The in vitro effects of instrumentation on multilevel cervical strut- graft mechanics

Kevin T. Foley, Denis J. DiAngelo, Y. Raja Rampersaud, Keith A. Vossel, Thomas H. Jansen

Research output: Contribution to journalArticlepeer-review

69 Scopus citations

Abstract

Study Design. Biomechanical study using a programmable testing apparatus that replicated physiologic flexion-extension cervical spine motion, and loading mechanics. Objectives. To determine the influence of anterior, posterior, or combined plating on multilevel cervical strut-graft mechanics in vitro. Summary of Background Data. The addition of instrumentation does not prevent construct failure in multilevel (more than two levels) cervical corpectomy. Methods. Six fresh human cadaveric cervical spines (C2-T1) were tested in six sequential conditions that included harvested (H), C4-6 corpectomy, strut grafted, strut grafted with an anterior cervical plate (SGAP), strut with combined anterior and posterior plates (SGAPP). A customized force-sensing strut graft (FSSG) was used to measure axial compression-tension, flexio-extension and lateral bending moments, and axial torsion. Parameters of stiffness, segmental vertebral motion, and strut graft loads were compared, to determine differences among the spine conditions. FSSG, and extension motion unloaded the FSSG. With the anterior plate, flexion of the SGAP spine significantly unloaded the FSSG; extension loaded the FSSG more than flexion of the unplated spine (P = 0.03). The opposite occurred with the posterior plates (SGPP), where flexion of the spine significantly loaded the FSSG (more than the strut grafted spine) and extension unloaded the FSSG (P<0.03). The combined construct (SGAPP) counteracted the tension band effect of the individual plates and demonstrated significantly less overall FSSG load change than either plate alone (P = 0.03). Conclusions. Multilevel cervical instrumentation effectively increases stiffness after corpectomy. However, anterior or posterior plating alone excessively loads the graft with small degrees of motion, which may promote pistoning and failure of multilevel constructs.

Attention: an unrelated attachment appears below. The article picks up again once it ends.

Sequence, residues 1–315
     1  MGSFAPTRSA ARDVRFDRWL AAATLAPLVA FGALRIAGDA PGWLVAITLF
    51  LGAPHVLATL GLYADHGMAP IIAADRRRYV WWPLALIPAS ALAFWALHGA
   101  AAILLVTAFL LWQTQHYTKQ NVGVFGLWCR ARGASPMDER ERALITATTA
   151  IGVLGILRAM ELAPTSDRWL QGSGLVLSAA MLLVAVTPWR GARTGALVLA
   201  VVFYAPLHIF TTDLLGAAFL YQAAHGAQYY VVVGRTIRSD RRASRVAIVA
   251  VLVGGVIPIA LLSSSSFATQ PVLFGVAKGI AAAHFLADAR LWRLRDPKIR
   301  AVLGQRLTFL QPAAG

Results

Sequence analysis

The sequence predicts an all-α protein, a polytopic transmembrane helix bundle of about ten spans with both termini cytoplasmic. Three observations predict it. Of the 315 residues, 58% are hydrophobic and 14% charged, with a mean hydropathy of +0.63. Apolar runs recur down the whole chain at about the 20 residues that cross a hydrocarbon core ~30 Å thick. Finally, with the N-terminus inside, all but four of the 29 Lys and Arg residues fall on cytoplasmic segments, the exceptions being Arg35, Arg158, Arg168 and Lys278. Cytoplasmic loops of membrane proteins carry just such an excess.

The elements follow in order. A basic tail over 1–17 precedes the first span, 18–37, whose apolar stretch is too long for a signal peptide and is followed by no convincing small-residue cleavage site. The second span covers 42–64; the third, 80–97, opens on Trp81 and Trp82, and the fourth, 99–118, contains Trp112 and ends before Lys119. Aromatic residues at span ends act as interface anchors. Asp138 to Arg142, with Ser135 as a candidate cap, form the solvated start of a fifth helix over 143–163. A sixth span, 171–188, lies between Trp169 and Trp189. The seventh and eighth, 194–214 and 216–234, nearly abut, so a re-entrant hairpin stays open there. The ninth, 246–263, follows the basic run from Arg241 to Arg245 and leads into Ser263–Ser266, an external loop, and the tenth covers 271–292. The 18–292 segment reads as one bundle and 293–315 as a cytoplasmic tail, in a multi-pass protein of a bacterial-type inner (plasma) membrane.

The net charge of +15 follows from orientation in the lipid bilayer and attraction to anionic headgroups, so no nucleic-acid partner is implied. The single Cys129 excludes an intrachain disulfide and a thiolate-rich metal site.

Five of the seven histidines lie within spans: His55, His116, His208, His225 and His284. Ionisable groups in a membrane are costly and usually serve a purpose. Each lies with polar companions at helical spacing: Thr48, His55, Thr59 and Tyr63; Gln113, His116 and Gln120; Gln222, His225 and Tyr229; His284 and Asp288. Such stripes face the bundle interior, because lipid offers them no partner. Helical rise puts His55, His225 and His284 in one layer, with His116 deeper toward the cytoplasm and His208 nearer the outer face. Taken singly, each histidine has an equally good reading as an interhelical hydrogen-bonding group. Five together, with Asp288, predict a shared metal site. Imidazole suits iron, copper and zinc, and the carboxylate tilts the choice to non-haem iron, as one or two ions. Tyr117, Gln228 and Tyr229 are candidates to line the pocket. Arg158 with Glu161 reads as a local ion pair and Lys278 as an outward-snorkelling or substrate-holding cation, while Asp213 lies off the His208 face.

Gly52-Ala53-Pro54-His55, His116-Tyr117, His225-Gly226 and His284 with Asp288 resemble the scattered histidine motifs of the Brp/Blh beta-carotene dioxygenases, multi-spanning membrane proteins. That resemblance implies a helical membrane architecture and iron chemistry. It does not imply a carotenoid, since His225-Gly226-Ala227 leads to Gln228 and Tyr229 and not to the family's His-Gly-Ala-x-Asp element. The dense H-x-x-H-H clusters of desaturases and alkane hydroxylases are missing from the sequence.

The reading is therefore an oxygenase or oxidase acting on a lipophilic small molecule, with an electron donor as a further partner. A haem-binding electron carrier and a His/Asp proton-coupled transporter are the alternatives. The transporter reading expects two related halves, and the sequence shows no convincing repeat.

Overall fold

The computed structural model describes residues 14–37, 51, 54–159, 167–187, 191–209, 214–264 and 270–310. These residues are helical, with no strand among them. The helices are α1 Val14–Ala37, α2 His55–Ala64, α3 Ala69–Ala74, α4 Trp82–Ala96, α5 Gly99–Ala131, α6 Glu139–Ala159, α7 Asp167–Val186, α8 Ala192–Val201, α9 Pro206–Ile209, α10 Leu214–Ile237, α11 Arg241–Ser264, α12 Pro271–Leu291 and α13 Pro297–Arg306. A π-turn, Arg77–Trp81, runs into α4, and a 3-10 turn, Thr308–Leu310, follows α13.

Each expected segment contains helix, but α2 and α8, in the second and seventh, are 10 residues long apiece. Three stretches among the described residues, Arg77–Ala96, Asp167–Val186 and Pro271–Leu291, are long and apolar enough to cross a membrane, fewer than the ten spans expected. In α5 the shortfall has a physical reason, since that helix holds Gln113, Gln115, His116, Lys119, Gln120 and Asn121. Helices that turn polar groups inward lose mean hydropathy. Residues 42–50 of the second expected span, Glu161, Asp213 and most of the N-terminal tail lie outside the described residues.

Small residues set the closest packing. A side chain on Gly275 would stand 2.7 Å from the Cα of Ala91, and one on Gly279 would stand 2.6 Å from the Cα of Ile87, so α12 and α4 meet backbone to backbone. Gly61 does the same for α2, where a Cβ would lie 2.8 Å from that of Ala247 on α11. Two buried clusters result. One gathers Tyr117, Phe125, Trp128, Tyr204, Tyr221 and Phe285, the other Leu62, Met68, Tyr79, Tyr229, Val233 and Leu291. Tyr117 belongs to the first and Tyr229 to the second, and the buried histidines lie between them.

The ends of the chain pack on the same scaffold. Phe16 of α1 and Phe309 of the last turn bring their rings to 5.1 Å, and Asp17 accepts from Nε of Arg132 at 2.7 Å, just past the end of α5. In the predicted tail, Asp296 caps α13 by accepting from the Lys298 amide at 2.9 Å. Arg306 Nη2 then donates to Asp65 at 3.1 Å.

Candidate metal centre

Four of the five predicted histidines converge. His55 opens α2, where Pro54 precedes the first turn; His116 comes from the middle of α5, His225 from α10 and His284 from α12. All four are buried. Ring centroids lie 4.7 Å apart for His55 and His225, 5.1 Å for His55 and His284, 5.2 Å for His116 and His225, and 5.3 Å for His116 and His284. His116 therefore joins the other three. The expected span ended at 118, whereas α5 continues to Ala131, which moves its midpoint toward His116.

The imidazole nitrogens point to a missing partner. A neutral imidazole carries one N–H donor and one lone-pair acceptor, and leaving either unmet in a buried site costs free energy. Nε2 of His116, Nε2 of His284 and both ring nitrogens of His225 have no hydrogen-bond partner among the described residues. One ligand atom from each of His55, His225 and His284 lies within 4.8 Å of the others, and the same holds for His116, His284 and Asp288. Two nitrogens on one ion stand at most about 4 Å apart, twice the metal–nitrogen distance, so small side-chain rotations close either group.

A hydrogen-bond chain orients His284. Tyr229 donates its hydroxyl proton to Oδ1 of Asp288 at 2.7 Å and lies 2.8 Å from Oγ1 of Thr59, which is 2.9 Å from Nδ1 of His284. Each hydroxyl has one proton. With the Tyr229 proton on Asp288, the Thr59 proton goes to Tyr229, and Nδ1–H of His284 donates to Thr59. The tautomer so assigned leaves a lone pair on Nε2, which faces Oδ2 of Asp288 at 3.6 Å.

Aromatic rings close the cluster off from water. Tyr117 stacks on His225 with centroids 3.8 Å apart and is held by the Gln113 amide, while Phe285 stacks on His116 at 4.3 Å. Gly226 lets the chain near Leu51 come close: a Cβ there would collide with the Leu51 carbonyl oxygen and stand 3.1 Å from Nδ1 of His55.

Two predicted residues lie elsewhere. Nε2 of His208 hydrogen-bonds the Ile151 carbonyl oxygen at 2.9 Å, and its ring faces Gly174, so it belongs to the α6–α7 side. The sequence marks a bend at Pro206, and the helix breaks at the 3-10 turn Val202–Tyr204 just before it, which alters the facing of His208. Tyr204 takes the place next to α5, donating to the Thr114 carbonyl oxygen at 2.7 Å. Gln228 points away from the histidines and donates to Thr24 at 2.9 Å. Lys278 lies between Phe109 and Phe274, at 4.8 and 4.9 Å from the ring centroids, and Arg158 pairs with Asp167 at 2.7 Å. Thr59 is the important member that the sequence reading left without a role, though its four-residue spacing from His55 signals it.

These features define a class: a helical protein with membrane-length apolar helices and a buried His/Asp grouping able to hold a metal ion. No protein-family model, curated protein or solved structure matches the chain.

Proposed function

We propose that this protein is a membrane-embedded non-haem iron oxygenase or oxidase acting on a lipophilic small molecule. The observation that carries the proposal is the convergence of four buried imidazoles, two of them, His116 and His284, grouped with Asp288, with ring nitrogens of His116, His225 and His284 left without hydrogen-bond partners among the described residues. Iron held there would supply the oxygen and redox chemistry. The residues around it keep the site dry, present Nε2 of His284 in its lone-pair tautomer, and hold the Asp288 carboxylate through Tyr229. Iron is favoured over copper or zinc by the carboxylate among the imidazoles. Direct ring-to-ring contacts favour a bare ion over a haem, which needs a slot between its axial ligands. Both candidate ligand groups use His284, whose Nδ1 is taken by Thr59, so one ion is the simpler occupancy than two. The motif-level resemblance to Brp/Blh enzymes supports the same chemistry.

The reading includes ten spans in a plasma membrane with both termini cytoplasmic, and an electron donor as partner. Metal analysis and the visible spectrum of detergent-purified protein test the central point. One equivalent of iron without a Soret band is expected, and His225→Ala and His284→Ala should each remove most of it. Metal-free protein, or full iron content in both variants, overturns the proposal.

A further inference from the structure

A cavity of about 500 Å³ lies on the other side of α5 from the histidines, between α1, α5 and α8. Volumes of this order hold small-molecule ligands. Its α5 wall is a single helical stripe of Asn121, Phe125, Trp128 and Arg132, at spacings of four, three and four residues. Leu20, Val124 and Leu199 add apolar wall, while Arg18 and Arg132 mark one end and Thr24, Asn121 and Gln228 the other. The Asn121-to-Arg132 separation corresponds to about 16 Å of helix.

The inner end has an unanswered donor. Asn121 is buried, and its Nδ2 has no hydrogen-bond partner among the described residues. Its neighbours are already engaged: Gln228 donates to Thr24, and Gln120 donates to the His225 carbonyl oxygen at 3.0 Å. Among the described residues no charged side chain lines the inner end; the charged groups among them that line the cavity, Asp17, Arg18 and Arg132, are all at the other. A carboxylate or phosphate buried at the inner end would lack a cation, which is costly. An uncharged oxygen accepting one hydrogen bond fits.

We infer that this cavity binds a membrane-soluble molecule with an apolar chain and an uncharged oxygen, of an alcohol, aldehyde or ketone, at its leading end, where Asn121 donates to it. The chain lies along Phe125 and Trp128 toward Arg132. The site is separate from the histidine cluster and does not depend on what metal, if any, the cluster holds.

Original languageEnglish (US)
Pages (from-to)2366-2376
Number of pages11
JournalSpine
Volume24
Issue number22
DOIs
StatePublished - Nov 15 1999

Keywords

  • Biomechanical testing
  • Cervical spine
  • Corpectomy
  • Instrumented strut graft mechanics
  • Spinal instrumentation
  • Strut graft

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